Human beings have gone to great extents to remember their departed loved ones. While the ancient Greeks erected monuments, the Victorians created wreaths made from the hair of the dead after taking their post-mortem pictures. Just as these, there are post-mortem death masks that offer a 3D remembrance of the dead.
History of the Death Masks
The Egyptians and the Africans were the first to introduce death masks as a spiritual ritual. Post the middle ages; the masks became the memorials of the dead. An accurate representation is created using wax, plaster or clay casts by capturing images of the face of the person after his/her passing. Painters and sculptors were employed to create these masks to acquire maximum accuracy.
Before the invention of photography, death masks were used to record the features of unidentified bodies with the hope of identification.
Making a Death Mask
The body tends to bloat after death within some hours. It is essential to make the death masks at the earliest after the death for accuracy. The face and facial hair have to be greased for easy removal and to keep the body intact while making the mask.
The doctor will then cover the face in two layers of plaster bandages. The first layer will cast the facial details while the second layer will strengthen the cast. The plaster will need about an hour to set. Then the plaster is removed. At times, the cast is filled with wax or metal to get a three-dimensional representation.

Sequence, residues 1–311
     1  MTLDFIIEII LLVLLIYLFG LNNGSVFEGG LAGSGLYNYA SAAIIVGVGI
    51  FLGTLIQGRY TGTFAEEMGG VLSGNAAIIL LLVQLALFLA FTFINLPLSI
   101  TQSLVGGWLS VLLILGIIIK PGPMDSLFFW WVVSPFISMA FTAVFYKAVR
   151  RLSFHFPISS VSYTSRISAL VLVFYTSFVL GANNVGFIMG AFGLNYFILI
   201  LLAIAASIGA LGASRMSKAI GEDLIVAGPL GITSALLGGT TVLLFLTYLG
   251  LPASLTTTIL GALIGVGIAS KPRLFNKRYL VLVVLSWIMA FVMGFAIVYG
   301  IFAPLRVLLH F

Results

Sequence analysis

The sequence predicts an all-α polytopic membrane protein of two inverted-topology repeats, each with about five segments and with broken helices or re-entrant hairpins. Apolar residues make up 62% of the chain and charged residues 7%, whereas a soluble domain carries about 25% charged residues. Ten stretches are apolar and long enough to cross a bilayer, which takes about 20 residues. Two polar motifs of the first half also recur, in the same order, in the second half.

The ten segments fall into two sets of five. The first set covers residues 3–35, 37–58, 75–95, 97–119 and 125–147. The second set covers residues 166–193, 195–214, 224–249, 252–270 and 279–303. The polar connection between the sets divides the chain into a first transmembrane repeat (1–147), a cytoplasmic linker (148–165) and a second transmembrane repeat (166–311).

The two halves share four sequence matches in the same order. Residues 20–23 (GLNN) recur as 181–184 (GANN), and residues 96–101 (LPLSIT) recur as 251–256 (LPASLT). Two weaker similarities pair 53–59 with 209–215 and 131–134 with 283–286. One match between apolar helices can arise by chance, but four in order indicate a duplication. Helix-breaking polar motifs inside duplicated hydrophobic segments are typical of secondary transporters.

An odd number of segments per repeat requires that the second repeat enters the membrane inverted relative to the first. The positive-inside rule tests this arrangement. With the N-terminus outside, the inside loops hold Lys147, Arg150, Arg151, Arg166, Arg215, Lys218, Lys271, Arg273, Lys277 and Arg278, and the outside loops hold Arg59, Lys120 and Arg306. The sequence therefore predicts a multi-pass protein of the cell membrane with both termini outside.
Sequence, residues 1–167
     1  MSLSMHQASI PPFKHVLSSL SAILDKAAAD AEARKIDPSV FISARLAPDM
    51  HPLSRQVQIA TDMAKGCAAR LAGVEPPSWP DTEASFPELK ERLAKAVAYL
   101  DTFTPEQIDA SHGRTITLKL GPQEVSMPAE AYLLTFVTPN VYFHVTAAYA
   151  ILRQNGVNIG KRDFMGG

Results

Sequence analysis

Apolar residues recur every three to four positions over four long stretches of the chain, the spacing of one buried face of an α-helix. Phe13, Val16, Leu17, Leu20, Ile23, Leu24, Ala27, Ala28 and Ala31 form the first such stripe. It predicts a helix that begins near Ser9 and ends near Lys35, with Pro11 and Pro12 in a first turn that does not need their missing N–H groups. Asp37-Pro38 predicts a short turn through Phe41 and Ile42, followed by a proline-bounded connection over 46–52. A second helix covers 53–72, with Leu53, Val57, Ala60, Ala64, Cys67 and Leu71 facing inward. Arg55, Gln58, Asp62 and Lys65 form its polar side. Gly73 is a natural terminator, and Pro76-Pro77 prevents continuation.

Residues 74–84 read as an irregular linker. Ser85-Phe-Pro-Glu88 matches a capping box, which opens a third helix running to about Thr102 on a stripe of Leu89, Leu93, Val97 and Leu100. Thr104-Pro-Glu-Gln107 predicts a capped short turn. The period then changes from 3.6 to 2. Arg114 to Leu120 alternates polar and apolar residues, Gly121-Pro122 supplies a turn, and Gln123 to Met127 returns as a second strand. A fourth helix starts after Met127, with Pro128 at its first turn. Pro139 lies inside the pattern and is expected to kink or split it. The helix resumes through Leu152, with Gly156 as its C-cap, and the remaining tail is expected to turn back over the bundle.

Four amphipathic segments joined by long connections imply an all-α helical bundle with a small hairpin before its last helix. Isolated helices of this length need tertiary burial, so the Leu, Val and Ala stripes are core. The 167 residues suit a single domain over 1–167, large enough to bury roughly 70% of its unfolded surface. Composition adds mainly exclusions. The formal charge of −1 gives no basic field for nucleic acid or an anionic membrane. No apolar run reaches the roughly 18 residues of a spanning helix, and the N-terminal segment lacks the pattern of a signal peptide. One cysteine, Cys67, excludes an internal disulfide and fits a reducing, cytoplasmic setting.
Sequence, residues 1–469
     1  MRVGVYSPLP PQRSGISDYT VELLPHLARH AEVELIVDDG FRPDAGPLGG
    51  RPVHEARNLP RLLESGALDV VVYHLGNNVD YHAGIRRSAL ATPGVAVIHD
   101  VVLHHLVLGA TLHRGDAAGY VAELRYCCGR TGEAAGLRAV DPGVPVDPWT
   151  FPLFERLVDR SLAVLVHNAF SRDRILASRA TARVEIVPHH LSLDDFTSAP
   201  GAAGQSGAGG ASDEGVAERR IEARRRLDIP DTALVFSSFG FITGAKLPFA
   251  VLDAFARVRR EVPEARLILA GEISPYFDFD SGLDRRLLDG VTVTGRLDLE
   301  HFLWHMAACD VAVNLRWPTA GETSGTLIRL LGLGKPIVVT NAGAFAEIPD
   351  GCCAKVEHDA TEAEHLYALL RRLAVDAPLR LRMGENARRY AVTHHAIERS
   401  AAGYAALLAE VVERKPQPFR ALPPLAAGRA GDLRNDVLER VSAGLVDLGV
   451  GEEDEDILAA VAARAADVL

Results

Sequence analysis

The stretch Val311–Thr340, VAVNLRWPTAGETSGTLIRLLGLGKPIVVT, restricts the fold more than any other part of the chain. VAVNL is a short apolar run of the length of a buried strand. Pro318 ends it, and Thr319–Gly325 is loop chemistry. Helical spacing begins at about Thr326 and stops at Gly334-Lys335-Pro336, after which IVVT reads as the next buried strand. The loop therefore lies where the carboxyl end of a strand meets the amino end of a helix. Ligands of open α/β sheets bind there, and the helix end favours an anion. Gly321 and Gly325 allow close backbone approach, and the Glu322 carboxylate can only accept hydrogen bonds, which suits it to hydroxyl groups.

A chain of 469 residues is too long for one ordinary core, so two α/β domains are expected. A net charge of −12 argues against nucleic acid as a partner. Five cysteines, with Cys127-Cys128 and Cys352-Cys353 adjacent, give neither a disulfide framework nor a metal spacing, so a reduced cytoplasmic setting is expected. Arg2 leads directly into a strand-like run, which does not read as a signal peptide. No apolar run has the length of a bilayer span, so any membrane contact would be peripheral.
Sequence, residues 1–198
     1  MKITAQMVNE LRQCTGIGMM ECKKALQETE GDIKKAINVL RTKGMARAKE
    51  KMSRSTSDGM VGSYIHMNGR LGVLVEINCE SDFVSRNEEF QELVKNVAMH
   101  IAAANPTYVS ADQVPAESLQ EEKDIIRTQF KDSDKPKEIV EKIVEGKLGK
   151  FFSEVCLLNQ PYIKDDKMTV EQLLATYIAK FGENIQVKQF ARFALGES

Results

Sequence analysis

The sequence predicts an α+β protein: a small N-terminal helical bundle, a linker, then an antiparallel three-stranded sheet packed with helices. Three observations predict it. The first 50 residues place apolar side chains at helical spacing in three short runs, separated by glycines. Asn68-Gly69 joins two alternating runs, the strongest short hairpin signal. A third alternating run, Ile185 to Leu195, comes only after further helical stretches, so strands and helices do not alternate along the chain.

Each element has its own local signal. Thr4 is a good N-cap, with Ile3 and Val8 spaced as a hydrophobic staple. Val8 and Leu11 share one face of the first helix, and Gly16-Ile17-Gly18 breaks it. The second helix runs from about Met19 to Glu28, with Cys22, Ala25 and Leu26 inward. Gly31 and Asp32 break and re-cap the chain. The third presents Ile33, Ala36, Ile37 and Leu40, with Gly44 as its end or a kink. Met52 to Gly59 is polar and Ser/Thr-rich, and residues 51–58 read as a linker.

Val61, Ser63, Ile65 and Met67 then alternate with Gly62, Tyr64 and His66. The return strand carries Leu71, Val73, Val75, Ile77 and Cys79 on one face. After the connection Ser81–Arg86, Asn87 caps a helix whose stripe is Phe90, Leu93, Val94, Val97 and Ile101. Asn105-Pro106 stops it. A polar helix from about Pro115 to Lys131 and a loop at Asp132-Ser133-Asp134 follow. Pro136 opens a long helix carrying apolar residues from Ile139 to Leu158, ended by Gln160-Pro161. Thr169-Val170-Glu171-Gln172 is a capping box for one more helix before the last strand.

Some Famous Death Masks
The death mask of the famous and most notorious gangster of 1930s, John Dillinger, is quite renowned. John Dillinger’s popularity led to two groups of medical students creating these casts without authorization at the morgue after his death.
The mask of Dillinger includes every minute detail like the gunshot wound and even the scrapes on his face. The detailing also had some unprofessional plastic surgery scars.
Napoleon Bonaparte is yet another famous person whose mask was created after his death in 1821. Many controversies surround his mask. Supposedly, Madame Bertrand stole his mask following which the mask had to be recreated. It is said that the masks were created thrice.
Bizarre and Mysterious Dante Mask
Dante Alighieri was Italy’s most famous poet and the author of the Divine Comedy. His death mask can be seen in Palazzo Vecchio in Florence. Dante’s death mask is guarded in a small glass display case.
At one time there were twenty masks of Dante’s face, but none of those still existing today can be identified as authentic. The mask in Palazzo Vecchio was most probably done from a sculpture that used to be on his tomb in Ravenna, sometime in the 15th century. It’s the most famous of all, and never ceases to fascinate scholars and fans.
Although death masks are not common today, people are putting in immense effort in preserving the memories of the dead with the help of gravestones and other rituals. This act of remembering the dead is certainly unique. Ironically, what gives the surviving loved ones’ comfort after death is not the ability to forget, but the need to remember those who are gone.